“Etched in Sand” –A Book Review


“When you’re a kid with no one to protect you, everything comes with a price.”

Etched in Sand by Regina Calcaterra is an eye-opening memoir. This story tells of the impoverishment Regina and her four siblings had to endure throughout their childhood in Long Island.

Each child has a different father (none of which are in the picture), and their alcoholic mother is both verbally and physically abusive. Leaving the kids on their own for weeks, even months, at a time (to spend time with a new boyfriend or drink herself senseless at a bar), “Cookie’s” kids have never known stability. Regina is tasked with keeping her two younger siblings safe, fed, and sheltered. Sadly, this task is much easier when their mother, Cookie, is away.

“To me, feeling secure means the opposite of what it means to most kids. Children are supposed to find their greatest safety and comfort in the arms of their mothers. Instead, Cookie’s homecoming is our darkest danger, like the worst storm anyone can imagine.”

One night, after Cookie stumbles home from wherever she’s been holed up for the past several months, she decides to take out her aggression on Regina. But this time, the damage is too extensive to hide, and school authorities report it to social services. With the promise of keeping her two younger siblings safe and away from their mother’s grasp, Regina is “tricked” into telling her social worker everything. However, she soon learns that kids like her are often thrown under the bus by the system put in place to keep them safe.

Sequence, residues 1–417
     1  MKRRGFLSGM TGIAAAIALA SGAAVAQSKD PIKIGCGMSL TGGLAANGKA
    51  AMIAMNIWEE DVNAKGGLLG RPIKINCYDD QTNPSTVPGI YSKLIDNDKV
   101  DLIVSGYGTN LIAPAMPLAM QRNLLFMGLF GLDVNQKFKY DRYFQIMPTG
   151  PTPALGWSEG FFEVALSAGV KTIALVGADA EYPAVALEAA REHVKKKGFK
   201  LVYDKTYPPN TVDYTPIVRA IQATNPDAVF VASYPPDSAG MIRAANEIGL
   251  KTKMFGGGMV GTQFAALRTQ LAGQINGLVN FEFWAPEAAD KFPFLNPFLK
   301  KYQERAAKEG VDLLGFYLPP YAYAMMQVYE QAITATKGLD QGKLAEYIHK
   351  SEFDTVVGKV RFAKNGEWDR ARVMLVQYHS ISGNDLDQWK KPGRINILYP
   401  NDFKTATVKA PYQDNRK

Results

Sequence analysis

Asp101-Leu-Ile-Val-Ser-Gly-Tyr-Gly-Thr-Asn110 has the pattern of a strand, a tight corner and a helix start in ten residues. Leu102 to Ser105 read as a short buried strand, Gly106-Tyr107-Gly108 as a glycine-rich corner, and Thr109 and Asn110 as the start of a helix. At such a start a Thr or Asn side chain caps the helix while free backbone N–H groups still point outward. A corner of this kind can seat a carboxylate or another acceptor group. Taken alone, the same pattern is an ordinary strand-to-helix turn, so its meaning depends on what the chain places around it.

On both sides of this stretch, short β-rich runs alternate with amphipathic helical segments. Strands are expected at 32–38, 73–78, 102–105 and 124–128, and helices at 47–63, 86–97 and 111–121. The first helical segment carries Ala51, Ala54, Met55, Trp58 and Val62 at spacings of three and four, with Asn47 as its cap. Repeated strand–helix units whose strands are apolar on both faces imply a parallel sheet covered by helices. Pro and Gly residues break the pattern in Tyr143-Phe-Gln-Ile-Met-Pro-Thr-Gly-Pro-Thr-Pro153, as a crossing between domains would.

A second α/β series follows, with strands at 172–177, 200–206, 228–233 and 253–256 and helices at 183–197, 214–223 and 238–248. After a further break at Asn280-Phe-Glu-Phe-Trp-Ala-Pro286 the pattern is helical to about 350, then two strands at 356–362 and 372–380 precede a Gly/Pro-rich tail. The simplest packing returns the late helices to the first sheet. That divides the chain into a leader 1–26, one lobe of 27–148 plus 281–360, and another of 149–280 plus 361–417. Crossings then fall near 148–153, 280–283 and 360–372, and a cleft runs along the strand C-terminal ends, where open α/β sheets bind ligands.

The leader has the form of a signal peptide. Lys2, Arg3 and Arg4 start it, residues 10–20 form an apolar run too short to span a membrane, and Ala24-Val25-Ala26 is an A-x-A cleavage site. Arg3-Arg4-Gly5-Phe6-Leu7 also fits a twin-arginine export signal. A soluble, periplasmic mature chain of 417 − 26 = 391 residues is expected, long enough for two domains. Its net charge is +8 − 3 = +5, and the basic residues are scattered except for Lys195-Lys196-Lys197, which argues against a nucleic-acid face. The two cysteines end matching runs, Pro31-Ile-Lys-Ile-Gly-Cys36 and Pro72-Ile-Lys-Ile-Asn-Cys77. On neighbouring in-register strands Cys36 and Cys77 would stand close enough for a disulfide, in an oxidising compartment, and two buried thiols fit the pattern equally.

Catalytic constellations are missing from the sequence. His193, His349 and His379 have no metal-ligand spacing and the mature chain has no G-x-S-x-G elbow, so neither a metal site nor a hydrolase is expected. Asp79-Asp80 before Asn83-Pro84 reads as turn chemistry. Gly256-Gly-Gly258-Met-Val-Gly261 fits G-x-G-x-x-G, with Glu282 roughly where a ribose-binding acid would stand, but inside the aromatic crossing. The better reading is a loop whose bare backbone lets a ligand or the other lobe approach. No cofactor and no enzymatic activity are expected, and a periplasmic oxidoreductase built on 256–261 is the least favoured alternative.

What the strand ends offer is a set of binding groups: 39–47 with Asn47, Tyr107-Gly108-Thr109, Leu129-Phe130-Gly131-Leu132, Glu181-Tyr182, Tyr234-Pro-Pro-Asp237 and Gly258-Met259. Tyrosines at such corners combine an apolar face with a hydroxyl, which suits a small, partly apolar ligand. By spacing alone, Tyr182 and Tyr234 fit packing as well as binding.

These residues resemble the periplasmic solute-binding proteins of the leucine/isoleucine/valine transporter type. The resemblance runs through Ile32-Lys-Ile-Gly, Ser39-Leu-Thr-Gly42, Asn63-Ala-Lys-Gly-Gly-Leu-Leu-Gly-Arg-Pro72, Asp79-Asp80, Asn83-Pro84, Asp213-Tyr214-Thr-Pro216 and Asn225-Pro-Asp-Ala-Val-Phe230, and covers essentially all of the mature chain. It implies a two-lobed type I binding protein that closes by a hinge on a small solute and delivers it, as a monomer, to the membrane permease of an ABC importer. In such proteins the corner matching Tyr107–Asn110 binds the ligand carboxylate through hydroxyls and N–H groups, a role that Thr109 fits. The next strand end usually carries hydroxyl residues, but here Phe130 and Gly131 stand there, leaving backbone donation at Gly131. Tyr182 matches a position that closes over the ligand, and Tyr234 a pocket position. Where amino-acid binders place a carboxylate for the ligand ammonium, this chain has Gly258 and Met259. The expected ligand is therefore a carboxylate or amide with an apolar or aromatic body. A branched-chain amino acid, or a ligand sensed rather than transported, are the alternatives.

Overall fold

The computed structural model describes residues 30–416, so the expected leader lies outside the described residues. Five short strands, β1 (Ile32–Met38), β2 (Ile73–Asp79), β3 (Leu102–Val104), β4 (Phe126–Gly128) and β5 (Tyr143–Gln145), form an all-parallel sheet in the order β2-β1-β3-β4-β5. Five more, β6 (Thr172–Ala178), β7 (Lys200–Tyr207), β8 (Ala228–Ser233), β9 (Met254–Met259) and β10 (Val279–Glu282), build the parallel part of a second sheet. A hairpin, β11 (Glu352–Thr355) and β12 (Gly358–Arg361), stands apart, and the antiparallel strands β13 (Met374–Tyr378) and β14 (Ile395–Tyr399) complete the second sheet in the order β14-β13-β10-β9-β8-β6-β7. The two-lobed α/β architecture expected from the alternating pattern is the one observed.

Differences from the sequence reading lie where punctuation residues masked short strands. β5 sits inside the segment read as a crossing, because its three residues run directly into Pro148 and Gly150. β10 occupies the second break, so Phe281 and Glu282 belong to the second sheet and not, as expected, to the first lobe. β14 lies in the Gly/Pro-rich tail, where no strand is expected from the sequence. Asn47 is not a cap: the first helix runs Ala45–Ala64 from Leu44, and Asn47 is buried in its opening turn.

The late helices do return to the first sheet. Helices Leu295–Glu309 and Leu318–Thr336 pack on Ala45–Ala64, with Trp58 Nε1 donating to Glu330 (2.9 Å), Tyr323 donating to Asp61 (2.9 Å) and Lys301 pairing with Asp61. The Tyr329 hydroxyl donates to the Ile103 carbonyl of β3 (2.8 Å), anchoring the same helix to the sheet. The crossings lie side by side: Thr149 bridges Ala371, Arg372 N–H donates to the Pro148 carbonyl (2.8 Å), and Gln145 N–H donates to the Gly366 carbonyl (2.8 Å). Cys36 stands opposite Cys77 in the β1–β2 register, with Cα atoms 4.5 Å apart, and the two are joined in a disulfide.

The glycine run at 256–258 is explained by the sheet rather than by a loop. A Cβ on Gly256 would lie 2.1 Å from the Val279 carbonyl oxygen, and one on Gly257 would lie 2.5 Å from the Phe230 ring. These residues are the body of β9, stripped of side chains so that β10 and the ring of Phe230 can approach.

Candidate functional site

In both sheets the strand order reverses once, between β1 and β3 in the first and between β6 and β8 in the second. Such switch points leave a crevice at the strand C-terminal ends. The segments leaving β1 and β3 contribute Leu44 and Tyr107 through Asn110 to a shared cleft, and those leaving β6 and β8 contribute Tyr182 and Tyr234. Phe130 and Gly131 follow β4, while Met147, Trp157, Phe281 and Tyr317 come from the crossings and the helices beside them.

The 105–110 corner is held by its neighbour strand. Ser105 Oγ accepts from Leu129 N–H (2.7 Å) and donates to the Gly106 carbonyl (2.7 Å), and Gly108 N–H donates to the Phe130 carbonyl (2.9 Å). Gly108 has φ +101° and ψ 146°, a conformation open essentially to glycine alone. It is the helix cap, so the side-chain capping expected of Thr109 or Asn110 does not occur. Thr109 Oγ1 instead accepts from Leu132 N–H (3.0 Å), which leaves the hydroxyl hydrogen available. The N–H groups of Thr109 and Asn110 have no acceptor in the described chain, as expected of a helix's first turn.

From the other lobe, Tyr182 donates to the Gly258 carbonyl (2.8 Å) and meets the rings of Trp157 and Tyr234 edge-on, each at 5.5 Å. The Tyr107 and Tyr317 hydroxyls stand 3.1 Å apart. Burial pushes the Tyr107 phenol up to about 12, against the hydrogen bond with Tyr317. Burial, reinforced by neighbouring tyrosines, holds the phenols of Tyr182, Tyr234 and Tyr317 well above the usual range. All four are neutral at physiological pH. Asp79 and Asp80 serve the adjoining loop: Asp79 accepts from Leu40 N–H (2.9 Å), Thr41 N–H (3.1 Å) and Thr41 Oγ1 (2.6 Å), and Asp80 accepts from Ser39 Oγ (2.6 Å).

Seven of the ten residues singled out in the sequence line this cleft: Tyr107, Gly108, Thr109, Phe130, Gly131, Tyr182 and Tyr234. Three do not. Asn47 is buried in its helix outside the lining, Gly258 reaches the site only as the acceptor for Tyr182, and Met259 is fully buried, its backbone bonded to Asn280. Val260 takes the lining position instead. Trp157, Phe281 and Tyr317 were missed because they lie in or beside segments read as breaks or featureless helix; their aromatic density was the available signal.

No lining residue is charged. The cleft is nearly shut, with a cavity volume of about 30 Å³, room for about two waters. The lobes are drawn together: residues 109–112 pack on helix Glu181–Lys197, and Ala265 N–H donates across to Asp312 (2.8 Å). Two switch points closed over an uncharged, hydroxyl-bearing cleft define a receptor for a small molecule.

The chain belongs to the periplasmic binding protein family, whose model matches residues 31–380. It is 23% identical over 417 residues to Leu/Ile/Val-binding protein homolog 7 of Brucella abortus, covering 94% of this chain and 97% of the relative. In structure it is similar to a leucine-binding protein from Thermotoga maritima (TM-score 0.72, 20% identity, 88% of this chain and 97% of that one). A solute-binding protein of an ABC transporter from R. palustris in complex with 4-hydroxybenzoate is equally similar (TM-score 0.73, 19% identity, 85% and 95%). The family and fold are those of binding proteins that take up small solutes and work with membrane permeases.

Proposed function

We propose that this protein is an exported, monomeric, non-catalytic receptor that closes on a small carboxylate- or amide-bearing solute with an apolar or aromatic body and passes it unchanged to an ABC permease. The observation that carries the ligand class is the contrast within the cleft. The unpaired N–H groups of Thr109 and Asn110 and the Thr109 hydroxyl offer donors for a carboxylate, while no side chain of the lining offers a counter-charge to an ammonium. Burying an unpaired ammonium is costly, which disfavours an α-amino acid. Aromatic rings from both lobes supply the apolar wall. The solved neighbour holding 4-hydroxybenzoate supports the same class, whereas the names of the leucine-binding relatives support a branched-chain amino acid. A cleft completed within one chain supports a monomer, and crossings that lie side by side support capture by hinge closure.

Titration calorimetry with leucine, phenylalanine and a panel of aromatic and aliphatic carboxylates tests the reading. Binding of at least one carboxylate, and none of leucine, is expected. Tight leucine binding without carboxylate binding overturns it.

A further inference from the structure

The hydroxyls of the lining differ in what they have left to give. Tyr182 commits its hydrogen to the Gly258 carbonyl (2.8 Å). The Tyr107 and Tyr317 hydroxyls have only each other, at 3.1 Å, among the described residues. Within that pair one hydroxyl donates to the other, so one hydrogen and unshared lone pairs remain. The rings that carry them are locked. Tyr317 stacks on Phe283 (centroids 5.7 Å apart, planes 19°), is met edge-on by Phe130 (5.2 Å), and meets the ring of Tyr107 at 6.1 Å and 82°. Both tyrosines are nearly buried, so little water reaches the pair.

“We’re poor. We have no connections and even fewer resources, and we’ve learned not to trust anyone who says You can trust me. We’ve had to put our faith in the people who treat us coldly, who attempt to prey on our vulnerabilities and take advantage of us; but in the end, no one can really save us from our own hard reality. Every single one of us has had to climb out of our childhood and help ourselves.”